Jess dela Merced, Bay Area native and one of Filmmaker Magazine’s “25 New Faces of Independent Film,” is on the move. Speaking over the phone last week, it became apparent this wasn’t just a figure of speech. Dela Merced was literally on the move, driving through the streets of Los Angeles as we talked.
There simply isn’t time to slow down -- she’s in preproduction on her first feature-length film, Chickenshit, for which she just just received a $25,000 “packaging” grant from the San Francisco Film Society and Kenneth Rainin Foundation.
“We’re hoping to shoot next summer,” dela Merced says. “We’re just getting the script ready and trying to find the right collaborators and financing.”
Part of what’s drawing support to dela Merced’s newest project is her award-winning work in short films. Her graduate thesis film from NYU, Hypebeasts -- now available online courtesy of Film School Shorts -- skillfully balances the youthful excitement with simmering racial tension as two Filipino-American siblings and their Korean-American friend join a line of die-hard sneaker fans. When that tension explodes into a riotous mob, dela Merced (who also stars in the short) spares no one from either physical violence or the shaky remorse that follows.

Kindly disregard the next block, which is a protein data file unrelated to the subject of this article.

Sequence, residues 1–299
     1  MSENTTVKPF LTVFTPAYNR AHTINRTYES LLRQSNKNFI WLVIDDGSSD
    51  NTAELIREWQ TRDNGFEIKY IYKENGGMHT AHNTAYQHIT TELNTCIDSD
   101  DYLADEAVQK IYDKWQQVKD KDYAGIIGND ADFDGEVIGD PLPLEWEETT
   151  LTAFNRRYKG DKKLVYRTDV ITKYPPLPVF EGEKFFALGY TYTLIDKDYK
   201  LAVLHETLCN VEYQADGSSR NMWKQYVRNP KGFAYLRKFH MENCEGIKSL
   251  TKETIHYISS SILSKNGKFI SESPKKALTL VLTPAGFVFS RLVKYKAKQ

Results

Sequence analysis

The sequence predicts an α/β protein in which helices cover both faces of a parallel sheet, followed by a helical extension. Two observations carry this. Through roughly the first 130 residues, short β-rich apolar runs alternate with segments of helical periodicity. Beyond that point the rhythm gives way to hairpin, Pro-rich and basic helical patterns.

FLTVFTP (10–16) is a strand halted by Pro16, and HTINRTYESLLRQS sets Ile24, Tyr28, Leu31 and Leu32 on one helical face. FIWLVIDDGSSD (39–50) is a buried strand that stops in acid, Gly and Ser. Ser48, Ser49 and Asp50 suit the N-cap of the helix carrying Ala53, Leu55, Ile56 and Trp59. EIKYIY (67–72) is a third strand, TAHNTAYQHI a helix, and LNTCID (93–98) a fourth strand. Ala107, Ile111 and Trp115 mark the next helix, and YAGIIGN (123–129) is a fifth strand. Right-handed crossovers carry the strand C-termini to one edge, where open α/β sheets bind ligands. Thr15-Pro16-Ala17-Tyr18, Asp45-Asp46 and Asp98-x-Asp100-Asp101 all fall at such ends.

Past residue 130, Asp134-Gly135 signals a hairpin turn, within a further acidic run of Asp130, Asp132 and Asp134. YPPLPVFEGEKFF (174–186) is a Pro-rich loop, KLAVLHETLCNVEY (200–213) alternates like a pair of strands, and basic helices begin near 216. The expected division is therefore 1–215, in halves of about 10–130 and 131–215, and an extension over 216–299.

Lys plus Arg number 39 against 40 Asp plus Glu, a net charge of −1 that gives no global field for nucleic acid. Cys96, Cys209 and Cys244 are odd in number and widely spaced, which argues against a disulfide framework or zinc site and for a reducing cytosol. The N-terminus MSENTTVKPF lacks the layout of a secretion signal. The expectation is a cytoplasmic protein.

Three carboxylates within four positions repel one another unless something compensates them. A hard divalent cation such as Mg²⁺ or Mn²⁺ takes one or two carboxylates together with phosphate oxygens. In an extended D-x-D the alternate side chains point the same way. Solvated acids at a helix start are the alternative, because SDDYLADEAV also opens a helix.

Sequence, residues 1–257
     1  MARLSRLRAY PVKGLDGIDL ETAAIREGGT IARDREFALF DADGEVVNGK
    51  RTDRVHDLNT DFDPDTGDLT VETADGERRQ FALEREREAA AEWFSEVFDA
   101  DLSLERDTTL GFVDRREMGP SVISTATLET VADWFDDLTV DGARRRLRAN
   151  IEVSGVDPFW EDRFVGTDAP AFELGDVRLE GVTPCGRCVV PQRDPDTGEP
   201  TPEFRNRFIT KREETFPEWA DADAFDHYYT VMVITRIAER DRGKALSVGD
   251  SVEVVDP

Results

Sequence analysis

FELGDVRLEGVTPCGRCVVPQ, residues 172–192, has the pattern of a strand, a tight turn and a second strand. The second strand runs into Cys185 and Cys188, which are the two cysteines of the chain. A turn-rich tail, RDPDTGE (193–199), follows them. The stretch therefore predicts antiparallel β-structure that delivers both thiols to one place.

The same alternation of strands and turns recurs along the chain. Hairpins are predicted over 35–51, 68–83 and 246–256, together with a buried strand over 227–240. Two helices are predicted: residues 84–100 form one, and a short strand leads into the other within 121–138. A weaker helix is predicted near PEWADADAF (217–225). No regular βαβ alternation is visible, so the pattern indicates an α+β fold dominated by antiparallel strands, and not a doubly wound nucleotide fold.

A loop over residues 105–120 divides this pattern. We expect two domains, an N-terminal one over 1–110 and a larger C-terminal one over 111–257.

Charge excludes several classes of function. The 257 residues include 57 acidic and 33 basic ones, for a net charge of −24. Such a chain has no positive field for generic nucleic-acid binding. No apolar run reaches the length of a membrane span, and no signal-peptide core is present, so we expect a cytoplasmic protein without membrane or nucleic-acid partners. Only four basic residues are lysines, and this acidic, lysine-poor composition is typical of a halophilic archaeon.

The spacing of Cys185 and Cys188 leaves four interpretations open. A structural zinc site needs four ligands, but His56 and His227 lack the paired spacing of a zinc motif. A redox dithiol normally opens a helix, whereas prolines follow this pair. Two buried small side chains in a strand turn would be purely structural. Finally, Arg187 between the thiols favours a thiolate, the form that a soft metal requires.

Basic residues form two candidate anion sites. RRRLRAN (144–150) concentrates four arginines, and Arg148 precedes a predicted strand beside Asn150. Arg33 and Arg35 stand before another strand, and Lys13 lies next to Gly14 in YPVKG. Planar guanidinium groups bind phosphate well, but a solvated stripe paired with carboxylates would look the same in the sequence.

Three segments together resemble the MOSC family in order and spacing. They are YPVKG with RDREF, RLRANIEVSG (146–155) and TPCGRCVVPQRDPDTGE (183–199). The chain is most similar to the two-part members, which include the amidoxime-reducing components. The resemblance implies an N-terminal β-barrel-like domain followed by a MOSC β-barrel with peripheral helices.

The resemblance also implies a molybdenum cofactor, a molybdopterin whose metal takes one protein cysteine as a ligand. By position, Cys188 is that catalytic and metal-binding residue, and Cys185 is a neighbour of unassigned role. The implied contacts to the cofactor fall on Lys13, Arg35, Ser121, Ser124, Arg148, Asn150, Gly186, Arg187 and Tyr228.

Hypebeasts is inspired in part by a racist incident at a Chik-fil-A near UC Irvine, where dela Merced went to college. When the fast food joint provided receipts to two Asian students, the customers were identified as “Ching” and “Chong,” despite never being asked for their names.
“I had never been affected by any racist event ever,” dela Merced says. “It shocked me so much that that could happen in such a safe space.” She was long gone from Irvine by the time the Chick-fil-A story broke in 2011, but it stuck with her.